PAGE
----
# Position in generalized coordinates

In Lagrangian mechanics, when talking about a particle position expressed in generalized coordinates it is usual to find the expression:

$$\mathbf{r}(q_0,...,q_k,t)\tag{1}$$

what it means this isolated $$t$$ time variable?

Wikipedia uses the expression (see here):

$$\mathbf{r}(\mathbf{q}(t))\tag{2}$$

I can understand all these expressions as equivalent:

$$\mathbf{r}(t) = \mathbf{r}(\mathbf{q}(t)) = \mathbf{r}((q_0,...,q_k)(t)) = \mathbf{r}(q_0(t),...,q_k(t)) = \mathbf{r}(q_0,...,q_k)$$

being the last one a typographic simplification. But not equivalent to $$\mathbf{r}(q_0,...,q_k,t)$$

Note we are not talking about a time-dependent vector field defined in a space like in $$\mathbf{r}(x,y,z,t)$$, but about the coordinates of particles.

Usual expressions from $$\mathbf{r}(q_0,...,q_k,t)$$ use chain rule including $$t$$ as an independent variable, like in: $$d\mathbf{r} = \sum_k \frac{\partial \mathbf{r}}{\partial q_k} dq_k + \frac{\partial \mathbf{r}}{\partial t} dt$$.

• You can consider things like $\vec{r}' (t) = \vec{r} + \vec{v}\,t$ as pretty normal transformations... I guess the notation just points to a moving frame while changing generalized position transformations as well. Jul 2, 2020 at 19:39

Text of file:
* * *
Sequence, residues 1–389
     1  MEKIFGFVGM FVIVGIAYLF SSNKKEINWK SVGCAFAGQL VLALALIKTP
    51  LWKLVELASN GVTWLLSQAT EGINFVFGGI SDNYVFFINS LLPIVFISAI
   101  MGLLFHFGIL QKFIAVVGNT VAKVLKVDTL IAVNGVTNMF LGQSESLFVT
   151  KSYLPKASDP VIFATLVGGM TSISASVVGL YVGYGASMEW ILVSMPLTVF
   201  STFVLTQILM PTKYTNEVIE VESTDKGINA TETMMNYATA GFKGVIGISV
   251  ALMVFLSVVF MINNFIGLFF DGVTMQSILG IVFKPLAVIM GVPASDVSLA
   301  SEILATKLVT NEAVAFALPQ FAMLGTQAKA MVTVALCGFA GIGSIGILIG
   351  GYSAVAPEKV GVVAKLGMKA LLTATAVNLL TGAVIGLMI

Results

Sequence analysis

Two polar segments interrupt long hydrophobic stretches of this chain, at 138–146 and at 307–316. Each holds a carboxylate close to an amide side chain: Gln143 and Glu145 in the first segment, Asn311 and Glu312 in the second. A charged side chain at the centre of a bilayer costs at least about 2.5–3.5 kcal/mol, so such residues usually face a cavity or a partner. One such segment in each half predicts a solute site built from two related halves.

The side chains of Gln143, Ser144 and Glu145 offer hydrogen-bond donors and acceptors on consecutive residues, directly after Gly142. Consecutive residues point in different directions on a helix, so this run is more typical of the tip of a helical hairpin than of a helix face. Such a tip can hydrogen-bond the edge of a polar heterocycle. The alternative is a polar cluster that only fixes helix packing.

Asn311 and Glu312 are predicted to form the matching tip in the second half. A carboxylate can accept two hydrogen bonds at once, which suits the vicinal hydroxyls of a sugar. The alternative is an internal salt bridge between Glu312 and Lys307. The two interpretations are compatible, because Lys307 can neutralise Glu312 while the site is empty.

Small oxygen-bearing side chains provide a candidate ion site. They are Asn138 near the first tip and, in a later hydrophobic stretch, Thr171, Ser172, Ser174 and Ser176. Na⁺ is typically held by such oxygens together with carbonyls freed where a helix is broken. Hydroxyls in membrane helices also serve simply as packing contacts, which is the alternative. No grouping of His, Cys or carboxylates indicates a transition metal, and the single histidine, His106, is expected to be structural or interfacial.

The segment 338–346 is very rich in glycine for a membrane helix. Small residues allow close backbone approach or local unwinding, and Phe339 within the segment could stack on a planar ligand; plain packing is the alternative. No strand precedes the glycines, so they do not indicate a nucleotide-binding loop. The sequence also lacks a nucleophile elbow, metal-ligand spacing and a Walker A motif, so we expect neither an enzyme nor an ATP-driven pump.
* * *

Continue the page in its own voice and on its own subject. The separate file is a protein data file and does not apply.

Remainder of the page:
• I think the basic question behind your doubt is explained well enough in this PSE answer at: physics.stackexchange.com/q/9122. In other words, the difference is in a choice of \textit{representation} where the time dependence is explicit or implicit. At a mathematical level it will introduce extra terms in the Lagrangian and action variation. Jul 2, 2020 at 20:08
• @Lelouch: sorry, I do not understand your comment. Obviously, it is not the same $f(x,y)$ than $f(x)$ nor $f(x(y))$. About the link, I do not see direct relation with this question, the linked question seems to ask about difference between derivative and partial derivative. Jul 3, 2020 at 18:13

$${\bf r}_i(q^1,\ldots,q^n,t)~\in~ \mathbb{R}^3$$
of the $$i$$'th point particle, $$i\in\{1,\ldots,N\}$$, can depend on $$n$$ generalized coordinates $$q^1,\ldots,q^n,$$ and explicitly (as well as implicitly) on time $$t$$. In other words, we assume $$3N-n$$ holonomic constraints.